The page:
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Is God partisan or divisive?

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01.FEB.11

Editor: I write in response to an article in the Vincentian newspaper of January 21, 2011, captioned “Politicians and reconciliation.”

The author states, “It is this writer’s humble submission that the only recipe for reconciliation is found in the word of God and with the people of God.” He concluded by stating “Reconciliation lives or dies with us, not the politicians.”{{more}} One may infer that reconciliation is a divine assignment for the people of God alone. A superficial reading of the Bible of the eighteen times the words reconcile or reconciliation was used, one may lean to that trend of thought.

As scholars, including biblical scholars exhort, we must be deep thinkers with an open mind to discern the reasons, facts and the root of any presentation and teaching. The article referred to reveals a person troubled by the possible loss of a divinely appointed task to the ‘godly’ into the hands of ‘ungodly’ powers. May I state factually, that most, if not all wars fought have ‘godly’ connections. In fact, some of the most atrocious and heinous acts of violence were committed against brethren in the name of their supreme authority. It is because of these and others that I recommend that we do not blindly accept toxic verbiage under the disguise of religion, especially Christianity.

After suffering in jail for 27 years, President Nelson Mandela instituted the “truth and reconciliation commission. Was President Mandela a member of the clergy or politician? Mohandas K. Gandhi, a proponent of nonviolent civil disobedience in response to British rule of India, and unification of the Hindus and Muslims, was he a Christian? The unquestionable desire and implementation of Marcus Garvey was to reconcile the foreign sons and daughters of mother Africa back to her. Was he a religious leader? The list is enormous.

Reconciliation has both a human to human connotation as can be found in Matthew 5:24 and Colossians 1:21. There is also a God to human overtone, depicting covering, atonement as prescribed in 2 Corinthians 5:18, 19. The point I am developing is that the church and the government both have their place in the process of reconciliation. It is neither heretical nor unscriptural for any Government to pursue a course of reconciliation. It is hypocritical how we as Christians treat our own Christian family.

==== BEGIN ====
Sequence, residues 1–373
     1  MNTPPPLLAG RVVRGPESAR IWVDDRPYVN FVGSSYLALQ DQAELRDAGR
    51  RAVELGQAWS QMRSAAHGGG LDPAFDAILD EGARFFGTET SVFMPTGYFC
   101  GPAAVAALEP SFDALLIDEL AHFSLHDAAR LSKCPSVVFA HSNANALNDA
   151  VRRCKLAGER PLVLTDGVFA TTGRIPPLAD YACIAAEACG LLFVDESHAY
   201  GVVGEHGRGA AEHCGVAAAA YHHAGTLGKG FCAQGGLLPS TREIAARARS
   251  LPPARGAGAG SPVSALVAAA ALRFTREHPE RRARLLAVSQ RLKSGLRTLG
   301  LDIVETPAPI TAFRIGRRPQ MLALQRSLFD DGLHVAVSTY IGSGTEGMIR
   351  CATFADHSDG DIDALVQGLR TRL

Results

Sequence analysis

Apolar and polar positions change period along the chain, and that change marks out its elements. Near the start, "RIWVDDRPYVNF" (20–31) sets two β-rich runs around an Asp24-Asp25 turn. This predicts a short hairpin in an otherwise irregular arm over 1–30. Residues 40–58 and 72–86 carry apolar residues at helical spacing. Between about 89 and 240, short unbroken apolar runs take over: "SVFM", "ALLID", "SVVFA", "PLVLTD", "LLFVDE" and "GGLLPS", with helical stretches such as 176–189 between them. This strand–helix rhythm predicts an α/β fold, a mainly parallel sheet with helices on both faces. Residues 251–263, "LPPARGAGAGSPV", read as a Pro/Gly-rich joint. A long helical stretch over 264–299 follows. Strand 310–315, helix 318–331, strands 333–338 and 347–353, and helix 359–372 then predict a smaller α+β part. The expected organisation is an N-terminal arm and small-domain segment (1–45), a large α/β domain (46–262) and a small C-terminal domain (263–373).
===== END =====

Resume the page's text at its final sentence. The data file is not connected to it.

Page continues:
It is naïve and narrow-minded to think that the so-called ‘ungodly’ cannot offer suggestions to the divisive negative emotions that are prevailing. May I remind my friend that a donkey was used by God to reach a prophet? God used a lady from a heathen society to protect Elijah. Factually, prolonged exposure to hatred grows. It is my humble plea for every Vincentian to put aside the divisiveness and “be reconciled to thy brother.”(Matt 5: 24). In response to some hypocrites, it is recorded that Jesus said “Render therefore unto Caesar the things which are Caesar’s.” (Matt. 22:21). Caesar here represents Governmental authority. Since Jesus, being our example recognizes secular authority and function, lets pattern our beautiful country on His principles, “love thy brother as thyself.”

In our failure to fulfill our duty, others have taken our job. Until then, as you said, “the true gatekeepers of our communities and our nation wake up” the politicians have a responsibility to preserve law and order using the tool of reconciliation to achieve that state of affairs. As Daniel rightfully proclaimed to Belshazzar, “…whom He would He set up; and whom He would He put down.”(Dan. 5:19)

B. Louis Daisley
NY, USA.

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